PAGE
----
Participants were split into various groups, one each to represent FF, FG, Labour, Independents, GP and SF.  And each group was given a fixed number of ballot papers, in proportion to current party strengths in the Dail: 20, 14, 5, 2, 2 and 1 respectively, a total of 44 ballots.  The matrix vote is based on QBS and the MBC.  So it was to everyone's advantage to submit a full ballot - i.e., to cast all their preferences - and to do so on a cross-party basis.  Thus, in the simulation, groups planned strategies amongst themselves, and then negotiated deals with others. 

The outcome was as follows: FF 6, FG 5, Lab 2, Ind 0, GP 1, SF 1 - a proportional, all-party, power-sharing coalition cabinet, a GNU.  In other words, the matrix vote is indeed a robust voting procedure, and it all works without any resort to party labels.  A full report along with the results are here. 

(See also 2012-7 and 2011-6/5.)



2009-5: Open letter to Michael Wills MP

In the wake of the expenses scandal, many are the calls for reform of the system of governance: inter alia, there are campaigns for changes to the electoral system and reform in the House, but few if any are suggesting reform of our decision-making processes, the 2,500-year-old majority vote, the most inaccurate measure of collective opionion ever invented.  Hence this open letter to the Minister  


2009-4: Government of National Unity

The people elect the parliament, by PR; and the parliament elects the government, by PR.  Otherwise you get those crazy consequences of majoritarianism: the US Republicans hoping that Obama will fail; the UK Labour Party producing a budget of debt deisgned for only one year. 

In Ireland, too, the need for parliamentary collective responibility is obvious.  Hence this letter in The Irish Times, published on Wed. 22nd April.

(See also 2012-7 and 2011-6/5.)


2009-3: MBC Election of Irish GP Chair

Irish Political Studies has just published  Prof. John Baker's interesting analysis of the MBC vote, which was used in the 2007 election by the Irish Green Party/Comhaontas Glas when they elected their Cathaoirleach/chair, and here it is.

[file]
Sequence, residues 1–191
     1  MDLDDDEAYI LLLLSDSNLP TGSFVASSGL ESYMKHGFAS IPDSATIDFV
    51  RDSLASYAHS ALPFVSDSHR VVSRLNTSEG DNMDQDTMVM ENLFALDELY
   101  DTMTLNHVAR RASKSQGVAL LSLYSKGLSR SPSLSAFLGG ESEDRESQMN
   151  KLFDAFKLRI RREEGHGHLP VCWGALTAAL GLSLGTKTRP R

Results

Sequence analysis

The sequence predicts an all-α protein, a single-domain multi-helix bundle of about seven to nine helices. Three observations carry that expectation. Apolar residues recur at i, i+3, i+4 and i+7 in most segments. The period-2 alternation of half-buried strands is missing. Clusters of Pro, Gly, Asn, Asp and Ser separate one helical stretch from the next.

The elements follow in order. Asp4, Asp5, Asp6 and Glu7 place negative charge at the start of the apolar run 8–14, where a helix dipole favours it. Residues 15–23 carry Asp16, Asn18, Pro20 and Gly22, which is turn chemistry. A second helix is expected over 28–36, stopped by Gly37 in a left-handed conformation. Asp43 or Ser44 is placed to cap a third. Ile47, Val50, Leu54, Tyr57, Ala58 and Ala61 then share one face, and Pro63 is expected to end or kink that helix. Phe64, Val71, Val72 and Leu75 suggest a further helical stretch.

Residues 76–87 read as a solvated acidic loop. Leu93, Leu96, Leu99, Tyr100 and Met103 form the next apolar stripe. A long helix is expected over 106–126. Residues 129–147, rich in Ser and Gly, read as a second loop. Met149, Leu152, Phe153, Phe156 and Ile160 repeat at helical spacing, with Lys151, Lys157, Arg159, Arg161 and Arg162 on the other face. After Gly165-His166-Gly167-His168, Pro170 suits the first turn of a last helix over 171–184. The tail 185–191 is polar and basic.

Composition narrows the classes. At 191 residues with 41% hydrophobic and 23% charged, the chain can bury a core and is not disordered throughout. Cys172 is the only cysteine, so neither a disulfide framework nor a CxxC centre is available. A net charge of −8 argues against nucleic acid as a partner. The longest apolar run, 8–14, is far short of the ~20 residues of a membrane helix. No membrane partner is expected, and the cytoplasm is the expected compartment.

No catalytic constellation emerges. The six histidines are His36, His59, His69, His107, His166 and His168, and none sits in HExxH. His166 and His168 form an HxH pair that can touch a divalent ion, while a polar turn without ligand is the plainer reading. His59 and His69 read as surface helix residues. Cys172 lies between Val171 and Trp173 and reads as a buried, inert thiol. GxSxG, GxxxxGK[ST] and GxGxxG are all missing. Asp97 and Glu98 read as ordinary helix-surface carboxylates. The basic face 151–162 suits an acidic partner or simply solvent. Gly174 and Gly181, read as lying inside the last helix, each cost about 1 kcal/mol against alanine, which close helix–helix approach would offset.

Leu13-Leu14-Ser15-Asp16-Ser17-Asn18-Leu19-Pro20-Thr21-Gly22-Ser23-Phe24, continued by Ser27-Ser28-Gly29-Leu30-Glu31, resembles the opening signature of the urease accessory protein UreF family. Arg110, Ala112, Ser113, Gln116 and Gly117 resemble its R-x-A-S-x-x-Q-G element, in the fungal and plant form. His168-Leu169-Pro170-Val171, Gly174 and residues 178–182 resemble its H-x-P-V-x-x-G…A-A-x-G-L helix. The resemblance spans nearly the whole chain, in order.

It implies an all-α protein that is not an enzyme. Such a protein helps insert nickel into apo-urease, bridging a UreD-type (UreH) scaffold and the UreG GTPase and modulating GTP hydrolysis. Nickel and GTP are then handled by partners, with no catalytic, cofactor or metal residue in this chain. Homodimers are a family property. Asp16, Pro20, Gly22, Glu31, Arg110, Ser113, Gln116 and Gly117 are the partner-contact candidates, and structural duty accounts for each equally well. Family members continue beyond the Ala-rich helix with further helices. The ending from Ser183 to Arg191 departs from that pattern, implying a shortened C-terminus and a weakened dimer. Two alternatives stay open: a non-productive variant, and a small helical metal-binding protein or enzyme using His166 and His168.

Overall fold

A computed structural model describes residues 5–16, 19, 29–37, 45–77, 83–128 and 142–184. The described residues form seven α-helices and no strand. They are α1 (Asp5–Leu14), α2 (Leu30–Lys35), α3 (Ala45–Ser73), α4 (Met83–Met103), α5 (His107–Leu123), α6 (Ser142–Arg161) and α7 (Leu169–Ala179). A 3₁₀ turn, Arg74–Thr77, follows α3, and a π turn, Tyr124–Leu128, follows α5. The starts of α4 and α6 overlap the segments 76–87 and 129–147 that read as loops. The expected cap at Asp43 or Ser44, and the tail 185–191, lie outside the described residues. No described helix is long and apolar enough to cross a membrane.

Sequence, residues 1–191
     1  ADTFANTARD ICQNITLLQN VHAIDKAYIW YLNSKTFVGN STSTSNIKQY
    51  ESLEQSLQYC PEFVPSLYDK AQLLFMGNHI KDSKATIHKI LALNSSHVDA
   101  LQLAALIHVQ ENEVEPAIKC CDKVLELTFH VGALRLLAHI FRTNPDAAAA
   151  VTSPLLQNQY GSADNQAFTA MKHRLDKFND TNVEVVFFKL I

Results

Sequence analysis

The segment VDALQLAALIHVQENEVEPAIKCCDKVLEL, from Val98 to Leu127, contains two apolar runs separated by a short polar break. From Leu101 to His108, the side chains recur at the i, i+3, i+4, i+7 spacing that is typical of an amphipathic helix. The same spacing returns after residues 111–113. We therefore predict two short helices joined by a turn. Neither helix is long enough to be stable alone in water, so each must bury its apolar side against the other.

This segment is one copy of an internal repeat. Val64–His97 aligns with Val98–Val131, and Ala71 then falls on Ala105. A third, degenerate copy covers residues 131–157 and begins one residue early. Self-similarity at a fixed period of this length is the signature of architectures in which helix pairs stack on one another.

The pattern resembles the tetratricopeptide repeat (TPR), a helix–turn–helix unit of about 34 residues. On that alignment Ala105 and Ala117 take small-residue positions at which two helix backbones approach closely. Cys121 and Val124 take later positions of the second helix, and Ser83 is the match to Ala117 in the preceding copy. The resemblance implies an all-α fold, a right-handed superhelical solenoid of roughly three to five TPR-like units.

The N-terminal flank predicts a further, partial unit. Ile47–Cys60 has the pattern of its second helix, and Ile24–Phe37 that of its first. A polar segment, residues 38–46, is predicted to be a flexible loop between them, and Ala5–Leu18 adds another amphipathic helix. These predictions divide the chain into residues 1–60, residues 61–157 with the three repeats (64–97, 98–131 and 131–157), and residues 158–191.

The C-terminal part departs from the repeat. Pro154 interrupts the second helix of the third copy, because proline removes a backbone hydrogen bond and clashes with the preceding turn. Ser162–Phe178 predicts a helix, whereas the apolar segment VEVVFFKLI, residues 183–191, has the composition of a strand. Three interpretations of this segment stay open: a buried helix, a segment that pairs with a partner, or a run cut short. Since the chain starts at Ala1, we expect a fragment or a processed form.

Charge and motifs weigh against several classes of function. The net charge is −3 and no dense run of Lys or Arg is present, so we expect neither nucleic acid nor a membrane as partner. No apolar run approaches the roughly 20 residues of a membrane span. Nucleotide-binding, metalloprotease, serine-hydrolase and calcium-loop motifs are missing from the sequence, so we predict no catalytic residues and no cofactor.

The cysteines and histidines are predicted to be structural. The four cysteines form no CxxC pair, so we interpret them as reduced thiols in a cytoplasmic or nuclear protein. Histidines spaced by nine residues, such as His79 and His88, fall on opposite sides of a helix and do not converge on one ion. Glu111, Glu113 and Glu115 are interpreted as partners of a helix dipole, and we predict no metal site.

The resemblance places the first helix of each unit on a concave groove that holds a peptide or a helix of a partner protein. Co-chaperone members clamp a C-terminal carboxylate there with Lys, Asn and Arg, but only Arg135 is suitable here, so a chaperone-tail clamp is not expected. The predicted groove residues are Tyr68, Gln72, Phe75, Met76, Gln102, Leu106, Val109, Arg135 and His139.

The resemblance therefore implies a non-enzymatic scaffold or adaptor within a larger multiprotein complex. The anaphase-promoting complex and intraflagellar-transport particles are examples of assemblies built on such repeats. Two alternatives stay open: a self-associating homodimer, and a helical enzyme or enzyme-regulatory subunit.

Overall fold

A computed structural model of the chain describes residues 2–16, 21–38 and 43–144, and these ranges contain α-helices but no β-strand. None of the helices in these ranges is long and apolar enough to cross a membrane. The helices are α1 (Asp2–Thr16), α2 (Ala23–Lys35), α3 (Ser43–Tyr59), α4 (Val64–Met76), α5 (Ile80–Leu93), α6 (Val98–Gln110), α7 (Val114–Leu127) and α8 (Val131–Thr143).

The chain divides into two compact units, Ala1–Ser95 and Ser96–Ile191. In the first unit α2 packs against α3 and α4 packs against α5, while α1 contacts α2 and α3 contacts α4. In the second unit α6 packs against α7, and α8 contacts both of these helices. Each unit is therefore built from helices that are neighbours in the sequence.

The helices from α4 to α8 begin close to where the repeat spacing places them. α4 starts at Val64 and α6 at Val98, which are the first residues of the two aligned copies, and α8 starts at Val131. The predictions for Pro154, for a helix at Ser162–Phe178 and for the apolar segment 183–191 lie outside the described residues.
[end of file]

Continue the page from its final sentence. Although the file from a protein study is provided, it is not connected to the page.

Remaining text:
2009-2: The warped majority

An article in The Guardian on 4.3.2009 explores the use of consensus voting in a number of real life scenarios.



2009-1: Towards a More Inclusive Democracy


Brno University has just published an article entitled Towards a More Inclusive Democracy, and here it is, available on http://www.cepsr.com/clanek.php?ID=334


2008-3: Participatory Budgeting

Participatory Budgeting (PB) first came to prominence in Porto Alegre in Brazil in 1988.  Simply put, it allows local people not only to prioritise expenditures, but also to come to a collective decision on the allocation of funds.  This can hardly be done by a majority vote, but it can be done by ranking the various options in order of preference, i.e. by an MBC.  Rankings can be measured in other ways, of course; but in June 2008, in a paper on consensus voting presented at a PB seminar held in Newcastle-upon-Tyne, this Institute argued for the MBC.  In the subsequent round-up of opinions, much enthusiam was expressed: and in the words of one participamt, "I am persuaded". 

Participatory budgeting is not a threat to representative democracy; rather, the former can enhance the latter.  We hope other pilots will follow.


2008-2: Online Consensus experiment

 OurKingdom, the new economics foundation and the de Borda Institute recently gave interested parties from think tanks, research groups and campaigning organisations, as well as members of the general public, the opportunity to participate in an online trial of consensus decision making.

You can see the whole debate


2008-1: Consensus research funding

The de Borda Institute and nef (the new economics foundation) have received a grant from the Joseph Rowntree Charitable Trust to test the potential of consensus voting More...  The report of part of this experiment is published by EPS (see also 2010-1).